2. I notice next that Elisha gives to the king several strict injunctions; indeed, the detail to which he condescends is most remarkable. All through these verses we find a long list of instructions and commands. “Take bow and arrows.” “Put thine hand upon the bow.” “Open the window eastward.” “Shoot.” “Take the arrows.” “Smite upon the ground.” The dying prophet instructs the king in all the minutiae of his immediate duty. The wisest of us need to be divinely directed.
3. Then followed on the king’s part implicit obedience. “Take,” said the prophet; “and he took.” So it is throughout. “Put thine hand upon the bow;” “and he put his hand upon it.” “Open the window;” “and he opened it.” “Shoot;” “and he shot.” “Smite;” “and he smote.” All through there is a corresponding obedience on the king’s part to the arrangement and suggestion of the prophet. So should it ever be with us and God. Let His imperative be answered by obedient indicative on our part.
4. There follows a hint as to the necessity for personal interest and effort. Read the 16th verse.
5. There was Divine co-operation, for we read “Elisha put his hands upon the king’s hands:”
6. Notice next that the window had to be opened. He said, “Open the window eastward. And he opened it.” In other words, every obstruction and possible hindrance has to be got rid of. You see the importance of this.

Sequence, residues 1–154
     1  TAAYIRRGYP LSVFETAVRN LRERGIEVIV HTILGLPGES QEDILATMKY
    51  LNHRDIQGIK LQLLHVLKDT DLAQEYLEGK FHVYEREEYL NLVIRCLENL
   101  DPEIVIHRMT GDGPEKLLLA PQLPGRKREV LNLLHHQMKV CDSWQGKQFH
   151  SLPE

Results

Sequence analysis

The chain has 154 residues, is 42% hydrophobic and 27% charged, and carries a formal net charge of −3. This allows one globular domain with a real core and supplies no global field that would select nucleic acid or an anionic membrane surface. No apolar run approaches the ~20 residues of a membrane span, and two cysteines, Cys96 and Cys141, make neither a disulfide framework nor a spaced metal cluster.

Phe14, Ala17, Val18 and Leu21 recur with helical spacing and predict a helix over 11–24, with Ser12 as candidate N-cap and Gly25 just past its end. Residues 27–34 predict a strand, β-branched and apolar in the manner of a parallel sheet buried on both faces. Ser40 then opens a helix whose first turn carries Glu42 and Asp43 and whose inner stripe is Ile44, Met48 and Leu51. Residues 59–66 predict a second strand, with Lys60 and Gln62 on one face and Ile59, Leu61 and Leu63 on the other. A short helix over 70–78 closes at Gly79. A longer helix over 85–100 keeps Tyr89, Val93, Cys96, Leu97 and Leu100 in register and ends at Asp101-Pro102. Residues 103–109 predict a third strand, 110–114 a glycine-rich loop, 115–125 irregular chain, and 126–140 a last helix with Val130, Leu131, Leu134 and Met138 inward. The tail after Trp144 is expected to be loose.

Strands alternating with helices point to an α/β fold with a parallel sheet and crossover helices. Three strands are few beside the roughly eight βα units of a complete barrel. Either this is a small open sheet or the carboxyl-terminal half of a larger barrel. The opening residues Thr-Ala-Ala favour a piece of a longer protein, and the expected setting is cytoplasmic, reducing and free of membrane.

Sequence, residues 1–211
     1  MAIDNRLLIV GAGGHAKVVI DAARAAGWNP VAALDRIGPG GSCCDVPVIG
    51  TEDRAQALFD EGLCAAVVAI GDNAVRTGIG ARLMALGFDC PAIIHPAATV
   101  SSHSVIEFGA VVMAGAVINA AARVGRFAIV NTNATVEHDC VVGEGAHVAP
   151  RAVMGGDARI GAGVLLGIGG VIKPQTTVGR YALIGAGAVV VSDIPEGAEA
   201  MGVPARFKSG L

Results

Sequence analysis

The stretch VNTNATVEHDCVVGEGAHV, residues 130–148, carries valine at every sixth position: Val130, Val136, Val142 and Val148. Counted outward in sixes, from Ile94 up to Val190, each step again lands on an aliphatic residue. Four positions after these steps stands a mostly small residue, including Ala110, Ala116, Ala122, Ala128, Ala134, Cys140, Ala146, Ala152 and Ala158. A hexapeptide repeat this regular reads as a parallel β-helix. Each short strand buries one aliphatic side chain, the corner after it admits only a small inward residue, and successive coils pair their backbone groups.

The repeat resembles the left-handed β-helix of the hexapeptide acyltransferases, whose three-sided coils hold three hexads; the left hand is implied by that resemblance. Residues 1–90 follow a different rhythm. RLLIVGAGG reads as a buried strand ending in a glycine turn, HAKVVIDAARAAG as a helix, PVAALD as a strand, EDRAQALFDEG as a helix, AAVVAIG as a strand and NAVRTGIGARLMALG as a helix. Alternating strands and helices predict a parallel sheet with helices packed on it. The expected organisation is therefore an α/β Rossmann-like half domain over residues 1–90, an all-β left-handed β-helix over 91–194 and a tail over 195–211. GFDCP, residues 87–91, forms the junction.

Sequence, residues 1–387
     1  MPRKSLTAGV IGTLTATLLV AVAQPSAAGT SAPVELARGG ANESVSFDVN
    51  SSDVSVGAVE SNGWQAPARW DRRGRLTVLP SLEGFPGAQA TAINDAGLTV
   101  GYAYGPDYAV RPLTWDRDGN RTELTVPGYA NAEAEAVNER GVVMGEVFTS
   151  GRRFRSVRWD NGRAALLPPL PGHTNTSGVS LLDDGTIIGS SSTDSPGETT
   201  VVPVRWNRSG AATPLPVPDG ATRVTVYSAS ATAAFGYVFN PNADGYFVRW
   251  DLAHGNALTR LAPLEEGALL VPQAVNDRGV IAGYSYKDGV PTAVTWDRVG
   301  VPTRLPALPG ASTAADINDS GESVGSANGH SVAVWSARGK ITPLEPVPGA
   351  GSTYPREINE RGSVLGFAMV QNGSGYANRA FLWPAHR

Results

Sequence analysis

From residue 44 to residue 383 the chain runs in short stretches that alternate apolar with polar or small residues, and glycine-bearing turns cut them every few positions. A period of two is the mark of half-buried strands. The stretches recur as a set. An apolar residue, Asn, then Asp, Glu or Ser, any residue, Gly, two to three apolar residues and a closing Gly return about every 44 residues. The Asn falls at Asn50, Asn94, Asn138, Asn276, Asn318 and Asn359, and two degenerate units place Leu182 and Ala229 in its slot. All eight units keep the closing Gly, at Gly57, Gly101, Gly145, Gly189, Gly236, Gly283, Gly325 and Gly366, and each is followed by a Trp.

7. Then at last they come to the decisive action. All the rest has been preliminary and preparatory.
II. The second act, the smiting with the other arrows. This was a symbolical act, as was the first. The flight of the single arrow through the open lattice must have been readily understood by the king, for it was the custom there and then, as in other lands and times, to throw down the gage of battle, or to hurl a dart, the signal of the war. God has shot out of every window of this Tabernacle arrows of deliverance, if I may so speak; but with this purpose, that we ourselves shall follow up those tokens, and hope and believe that they were prophecies and promises with meaning which must meet with further fulfilment. It remains for us to shoot the other arrows, for we have a quiver full of them. The command was to smite with them on the ground. You see the meaning of that. It is as though Elisha said, “The arrow of God’s deliverance has gone forth; it has already found its mark and done its work. You have now, if you will but believe it, these Syrians crouching at your very feet. God has already humbled them, and they are now at your mercy. Smite upon the ground. They are already at your feet. God has delivered them into your hands. Smite! Smite!” The king obeys, but with too little zeal. (T. Spurgeon.)